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Health Insurance Amendment (Compliance) Bill 2009

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2008-2009

 

THE PARLIAMENT OF THE COMMONWEALTH OF AUSTRALIA

 

HOUSE OF REPRESENTATIVES

_____________________________

 

Health Insurance Amendment (Compliance) Bill 2009

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SCHEDULE OF THE AMENDMENTS MADE BY THE SENATE TO WHICH THE HOUSE OF REPRESENTATIVES HAS DISAGREED

  (1)    Clause 2, page 1 (lines 7 and 8), omit the clause, substitute:

2  Commencement

             (1)  Each provision of this Act specified in column 1 of the table commences, or is taken to have commenced, in accordance with column 2 of the table. Any other statement in column 2 has effect according to its terms.

 

Commencement information

Column 1

Column 2

Column 3

Provision(s)

Commencement

Date/Details

1.  Sections 1 to 3 and anything in this Act not elsewhere covered by this table

The day on which this Act receives the Royal Assent.

 

2.  Schedule 1

1 January 2010.

 

3.  Schedule 2

The day after this Act receives the Royal Assent.

 

Note:          This table relates only to the provisions of this Act as originally passed by both Houses of the Parliament and assented to. It will not be expanded to deal with provisions inserted in this Act after assent.

             (2)  Column 3 of the table contains additional information that is not part of this Act. Information in this column may be added to or edited in any published version of this Act.

(10)   Page 19 (after line 16), at the end of the bill, add:

Schedule 2—Amendment relating to disallowance of medical services items

Health Insurance Act 1973

1  At the end of section 4

Add:

             (3)  If an item in a table of medical services prescribed in accordance with subsection (1) is disallowed under section 42 of the Legislative Instruments Act 2003 , the corresponding item, if any, in the previous regulations is taken to apply in place of the disallowed item from the time of disallowance.

             (4)  In subsection (3):

corresponding item means:

                     (a)  the item in the previous regulations with the same item number; or

                     (b)  if no item satisfies paragraph (a)—the item in the previous regulations covering the same medical services;

as the disallowed item.

previous regulations means the regulations that were in force immediately prior to the commencement of the disallowed item.

2  Application

The amendment made by this Schedule applies in relation to any disallowance after 26 October 2009 of an item in a table of medical services prescribed in accordance with subsection 4(1) of the Health Insurance Act 1973 .

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HOUSE OF REPRESENTATIVES REASONS FOR DISAGREEING TO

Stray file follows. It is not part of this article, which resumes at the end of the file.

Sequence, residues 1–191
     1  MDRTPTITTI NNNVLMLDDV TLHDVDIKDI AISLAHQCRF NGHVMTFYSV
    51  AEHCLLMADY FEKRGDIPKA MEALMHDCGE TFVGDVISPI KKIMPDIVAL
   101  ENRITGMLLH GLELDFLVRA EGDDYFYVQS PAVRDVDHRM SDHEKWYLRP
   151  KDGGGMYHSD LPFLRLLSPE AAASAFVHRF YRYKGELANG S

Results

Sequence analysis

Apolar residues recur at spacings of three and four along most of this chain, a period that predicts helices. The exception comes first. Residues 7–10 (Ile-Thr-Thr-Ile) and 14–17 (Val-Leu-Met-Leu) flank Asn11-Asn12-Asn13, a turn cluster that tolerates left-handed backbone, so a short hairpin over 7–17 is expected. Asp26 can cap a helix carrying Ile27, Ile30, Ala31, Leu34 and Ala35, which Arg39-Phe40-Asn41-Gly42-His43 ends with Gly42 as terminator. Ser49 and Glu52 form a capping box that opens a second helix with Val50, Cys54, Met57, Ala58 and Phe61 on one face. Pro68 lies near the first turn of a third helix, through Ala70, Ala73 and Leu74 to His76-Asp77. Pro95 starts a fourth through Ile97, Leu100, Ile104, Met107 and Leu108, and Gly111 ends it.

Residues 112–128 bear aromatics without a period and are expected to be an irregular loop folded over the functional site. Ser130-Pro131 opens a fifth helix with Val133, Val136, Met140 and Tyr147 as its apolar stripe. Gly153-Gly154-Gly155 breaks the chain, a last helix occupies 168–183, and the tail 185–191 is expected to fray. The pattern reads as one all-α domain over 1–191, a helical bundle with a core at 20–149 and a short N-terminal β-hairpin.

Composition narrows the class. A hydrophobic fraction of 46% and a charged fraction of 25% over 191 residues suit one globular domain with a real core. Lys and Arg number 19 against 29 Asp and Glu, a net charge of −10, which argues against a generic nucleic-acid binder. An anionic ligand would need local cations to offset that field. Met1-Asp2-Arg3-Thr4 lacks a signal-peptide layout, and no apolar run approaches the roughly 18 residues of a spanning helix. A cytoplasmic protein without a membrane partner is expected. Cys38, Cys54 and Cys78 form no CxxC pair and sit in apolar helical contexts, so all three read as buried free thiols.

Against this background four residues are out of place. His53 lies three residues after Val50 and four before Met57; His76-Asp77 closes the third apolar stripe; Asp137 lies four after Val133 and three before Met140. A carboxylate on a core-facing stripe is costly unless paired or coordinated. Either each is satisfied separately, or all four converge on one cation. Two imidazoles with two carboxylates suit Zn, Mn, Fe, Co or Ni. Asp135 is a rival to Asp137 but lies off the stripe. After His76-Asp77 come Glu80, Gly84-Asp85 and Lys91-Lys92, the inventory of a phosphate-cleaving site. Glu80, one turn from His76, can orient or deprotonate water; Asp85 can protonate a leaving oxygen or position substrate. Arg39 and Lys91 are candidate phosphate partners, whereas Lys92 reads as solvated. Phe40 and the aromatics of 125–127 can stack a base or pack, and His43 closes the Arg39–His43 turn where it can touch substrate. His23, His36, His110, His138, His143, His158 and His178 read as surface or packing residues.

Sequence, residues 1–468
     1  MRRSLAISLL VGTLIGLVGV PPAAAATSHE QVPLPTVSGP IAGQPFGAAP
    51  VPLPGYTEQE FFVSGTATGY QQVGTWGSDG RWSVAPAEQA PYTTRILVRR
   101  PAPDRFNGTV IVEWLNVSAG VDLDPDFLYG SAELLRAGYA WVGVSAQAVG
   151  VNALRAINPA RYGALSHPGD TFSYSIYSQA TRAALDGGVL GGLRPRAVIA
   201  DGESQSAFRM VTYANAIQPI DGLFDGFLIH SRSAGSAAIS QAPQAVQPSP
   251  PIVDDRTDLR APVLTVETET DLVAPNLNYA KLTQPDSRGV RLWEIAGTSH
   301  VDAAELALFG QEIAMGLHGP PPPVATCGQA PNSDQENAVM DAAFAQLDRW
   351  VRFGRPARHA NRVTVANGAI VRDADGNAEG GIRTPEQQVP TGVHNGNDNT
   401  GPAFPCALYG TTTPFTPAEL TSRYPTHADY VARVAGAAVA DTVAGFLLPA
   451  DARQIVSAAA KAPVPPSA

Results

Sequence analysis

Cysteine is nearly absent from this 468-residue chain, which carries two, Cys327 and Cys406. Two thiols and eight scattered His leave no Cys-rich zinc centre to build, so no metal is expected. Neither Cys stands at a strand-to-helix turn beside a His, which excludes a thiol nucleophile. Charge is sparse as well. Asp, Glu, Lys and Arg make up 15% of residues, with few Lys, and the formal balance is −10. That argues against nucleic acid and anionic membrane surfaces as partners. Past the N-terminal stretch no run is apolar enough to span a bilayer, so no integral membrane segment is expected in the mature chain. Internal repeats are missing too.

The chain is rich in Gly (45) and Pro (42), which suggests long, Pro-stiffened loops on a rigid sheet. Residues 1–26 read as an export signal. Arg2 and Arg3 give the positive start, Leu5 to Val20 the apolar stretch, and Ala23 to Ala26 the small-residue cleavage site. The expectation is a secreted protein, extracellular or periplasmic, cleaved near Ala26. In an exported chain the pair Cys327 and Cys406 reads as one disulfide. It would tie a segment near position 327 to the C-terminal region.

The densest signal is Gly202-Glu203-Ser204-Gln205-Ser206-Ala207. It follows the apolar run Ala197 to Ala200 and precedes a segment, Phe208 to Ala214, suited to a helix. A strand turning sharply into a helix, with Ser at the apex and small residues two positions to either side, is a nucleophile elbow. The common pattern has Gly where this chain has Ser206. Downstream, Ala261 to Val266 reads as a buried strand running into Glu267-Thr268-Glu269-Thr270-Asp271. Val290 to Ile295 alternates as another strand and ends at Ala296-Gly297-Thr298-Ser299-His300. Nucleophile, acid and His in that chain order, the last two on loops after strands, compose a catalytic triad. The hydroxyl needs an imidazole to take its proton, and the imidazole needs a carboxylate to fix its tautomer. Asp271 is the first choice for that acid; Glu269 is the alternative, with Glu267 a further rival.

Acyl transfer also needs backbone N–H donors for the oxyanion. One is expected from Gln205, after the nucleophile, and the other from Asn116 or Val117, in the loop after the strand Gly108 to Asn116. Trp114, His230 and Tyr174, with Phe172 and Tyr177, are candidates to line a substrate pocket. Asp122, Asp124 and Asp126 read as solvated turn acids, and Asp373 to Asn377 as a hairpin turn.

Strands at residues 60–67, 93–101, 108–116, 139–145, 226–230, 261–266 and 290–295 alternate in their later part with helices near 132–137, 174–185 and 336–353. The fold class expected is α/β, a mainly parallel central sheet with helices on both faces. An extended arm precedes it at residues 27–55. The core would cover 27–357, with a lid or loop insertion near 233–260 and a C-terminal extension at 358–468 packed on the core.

THE SENATE AMENDMENTS

 

These amendments have no substantial relationship to the Health Insurance Amendment (Compliance) Bill 2009.

 

These amendments passed by the Senate would mean that in the event that an item in a table of medical services prescribed in accordance with subsection (1) is disallowed under section 42 of the Legislative Instruments Act 2003, the corresponding item, if any, in the previous regulations is taken to apply in place of the disallowed item from the time of disallowance.

 

The Government has a fiscal responsibility to manage the budget in a sustainable way that provides the best outcome for the taxpayer.  This amendment could hinder the Government’s ability to ensure sustainability of the medical benefits program in the face of population ageing and growth in the costs of medical technology, prevent the reinvestment of appropriate dividends from progress in medical technology and practice towards needed health reforms and otherwise undermine the Government’s ability to deliver the best outcome for the taxpayer.

 

These amendments are also intended to act retrospectively from 26 October 2009. This is clearly intended to have an effect of increasing the Medicare Benefits Schedule (MBS) fee for items disallowed by the Senate on 28 October 2009.  Legal advice to the Government confirms that this effectively would be increasing a standing appropriation and would be construed as appropriating money.  Thus, these amendments must be considered to be unconstitutional as contrary to s.53 of the Constitution, which provides inter alia that:

 

·          Proposed laws appropriating revenue or moneys or imposing taxation shall not originate in the Senate; and

 

·          The Senate may not amend any proposed law so as to increase any proposed charge or burden on the people .

 

On this basis, the House of Representatives does not support these amendments.

 

 

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                                                                                              I C HARRIS

                                                                      Clerk of the House of Representatives

 

 

House of Representatives

24 November 2009